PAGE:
Detentions Escalate at China Quake Site



    NEW YORK, TORONTO, STOCKHOLM, June 13 /CNW/ - PEN expressed alarm today
over the disappearance of leading cyber-dissident Huang Qi, who was last seen
being forced into a car by three unidentified men in Chengdu on the evening of
June 10. His detention comes amid an escalated effort by the Chinese
government to establish tighter controls over reporting from
earthquake-affected areas.
    Huang, director and co-founder of the Tianwang Human Rights Center in
Chengdu, had been imprisoned on subversion charges from 2003 to 2005 for
setting up a web site that investigated corruption, advocated democracy, and
called for the release of those imprisoned in the wake of the Tiananmen
protests. PEN fears that Huang has been detained by plainclothes police and
may be held incommunicado in connection with his criticism of the government's
handling of the May 12th Sichuan earthquake.
    Two employees working for Tianwang, Internet writer Huang Xiaomin and
webmaster Zhang Qi, had been detained on May 16 after declaring their
intentions to join rescue activities in Sichuan. Huang Xiaomin was released
after 15 days and reports that he was extensively questioned by police about
his relation to Huang Qi and their activities at Tianwang. Zhang Qi is still
being held incommunicado.
    It has also been reported that Zeng Hongling, a 53-year-old retired
worker from Mianyang, a city hard-hit by the earthquake, was detained while
staying with relatives in Chengdu on June 9 on suspicion of "illegally
providing information overseas" for articles published on an overseas Chinese
web site. The articles, part of a series entitled "The Accounts of My Personal
Experiences During the Earthquake," were published along with her own
photographs under a pen name, Shanshan. Zeng was taken by five plainclothes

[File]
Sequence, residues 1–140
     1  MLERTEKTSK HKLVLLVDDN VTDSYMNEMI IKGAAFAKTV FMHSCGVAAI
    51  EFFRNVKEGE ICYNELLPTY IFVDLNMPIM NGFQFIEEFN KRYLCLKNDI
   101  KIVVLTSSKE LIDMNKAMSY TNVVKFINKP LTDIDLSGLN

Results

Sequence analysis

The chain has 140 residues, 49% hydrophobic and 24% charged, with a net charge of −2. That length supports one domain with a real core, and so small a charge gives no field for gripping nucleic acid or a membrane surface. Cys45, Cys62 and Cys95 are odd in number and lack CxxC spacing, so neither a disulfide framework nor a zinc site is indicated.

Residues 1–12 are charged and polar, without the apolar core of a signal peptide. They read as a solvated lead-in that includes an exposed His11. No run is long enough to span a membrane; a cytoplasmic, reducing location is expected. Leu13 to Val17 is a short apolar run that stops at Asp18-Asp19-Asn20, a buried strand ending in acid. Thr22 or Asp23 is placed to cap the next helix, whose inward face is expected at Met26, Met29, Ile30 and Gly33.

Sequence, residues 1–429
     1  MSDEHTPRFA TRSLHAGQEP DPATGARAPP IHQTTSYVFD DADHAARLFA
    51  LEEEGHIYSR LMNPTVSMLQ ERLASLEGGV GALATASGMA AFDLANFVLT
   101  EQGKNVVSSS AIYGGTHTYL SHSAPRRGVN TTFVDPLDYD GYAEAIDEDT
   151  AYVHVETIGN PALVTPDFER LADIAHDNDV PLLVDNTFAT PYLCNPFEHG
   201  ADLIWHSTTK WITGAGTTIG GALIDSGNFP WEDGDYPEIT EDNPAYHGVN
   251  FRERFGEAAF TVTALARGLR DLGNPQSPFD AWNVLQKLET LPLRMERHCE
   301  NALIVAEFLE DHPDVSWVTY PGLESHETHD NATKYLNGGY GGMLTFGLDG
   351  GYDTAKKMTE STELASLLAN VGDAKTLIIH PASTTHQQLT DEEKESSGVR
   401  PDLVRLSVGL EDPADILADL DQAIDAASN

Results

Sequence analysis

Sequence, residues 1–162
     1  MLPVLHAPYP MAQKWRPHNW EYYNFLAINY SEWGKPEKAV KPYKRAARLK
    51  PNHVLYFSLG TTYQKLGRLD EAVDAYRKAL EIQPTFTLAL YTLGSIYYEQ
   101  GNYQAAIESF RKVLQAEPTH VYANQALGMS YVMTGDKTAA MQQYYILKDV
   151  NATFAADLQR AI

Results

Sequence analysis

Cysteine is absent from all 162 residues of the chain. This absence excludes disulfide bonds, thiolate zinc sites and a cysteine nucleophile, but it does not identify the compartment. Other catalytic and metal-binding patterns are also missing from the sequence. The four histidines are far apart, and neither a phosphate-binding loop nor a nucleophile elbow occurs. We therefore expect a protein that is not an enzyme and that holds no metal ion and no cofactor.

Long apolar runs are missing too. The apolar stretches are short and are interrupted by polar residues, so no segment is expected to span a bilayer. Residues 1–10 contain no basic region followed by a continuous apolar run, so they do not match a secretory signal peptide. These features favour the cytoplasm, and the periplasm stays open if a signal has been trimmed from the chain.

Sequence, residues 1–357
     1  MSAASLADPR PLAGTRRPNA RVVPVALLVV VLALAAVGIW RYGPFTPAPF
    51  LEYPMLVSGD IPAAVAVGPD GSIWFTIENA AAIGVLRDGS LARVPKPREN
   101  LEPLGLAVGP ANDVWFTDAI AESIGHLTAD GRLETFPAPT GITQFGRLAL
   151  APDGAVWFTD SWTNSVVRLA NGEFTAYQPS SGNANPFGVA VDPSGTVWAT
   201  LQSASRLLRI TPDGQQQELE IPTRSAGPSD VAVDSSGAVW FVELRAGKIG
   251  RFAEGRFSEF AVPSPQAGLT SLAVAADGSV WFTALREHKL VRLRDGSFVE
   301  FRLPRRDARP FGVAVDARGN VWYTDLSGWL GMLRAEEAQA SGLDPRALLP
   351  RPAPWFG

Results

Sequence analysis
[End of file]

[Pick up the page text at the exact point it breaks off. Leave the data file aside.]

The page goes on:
police officers from the Public Security Bureau (PSB) of Mianyang and is being
held incommunicado at the Detention Center of the Mianyang PSB.
    PEN has also received confirmation that Chen Daojun, a freelance writer
and journalist detained in Chengdu since May 9, has now been charged with
"inciting splittism," not "inciting subversion of state power" as had been
initially reported. The charge, most often used against Tibetans and Uighurs
in China, most likely stems from an article Chen published following the
Tibetan protests which declared respect to the Tibetan people, defended their
basic rights and condemned the Chinese government's violent crackdown on
protesters.

    PEN American Center, PEN Canada, and the Independent Chinese PEN Center
are among the 145 worldwide centers of International PEN, an organization that
works to promote friendship and intellectual co-operation among writers
everywhere, to fight for freedom of expression, and represent the conscience
of world literature. On December 10, 2007, the centers launched We Are Ready
for Freedom of Expression, an Olympic countdown campaign to protest China's
imprisonment of at least 42 writers and journalists and to seek an end to
internet censorship and other restrictions on the freedom to write in that
country. For more information, please visit www.pen.org/china2008,
www.pencanada.ca, and www.chinesepen.org.





For further information:

For further information: Larry Siems, PEN American Center, (212)
334-1660 ext. 105, lsiems@pen.org; Isobel Harry, PEN Canada, (416) 703-8448
ext. 22, iharry@pencanada.ca; Yu Zhang, Independent Chinese PEN Center,
+46-8-50022792, wipc@penchinese.net


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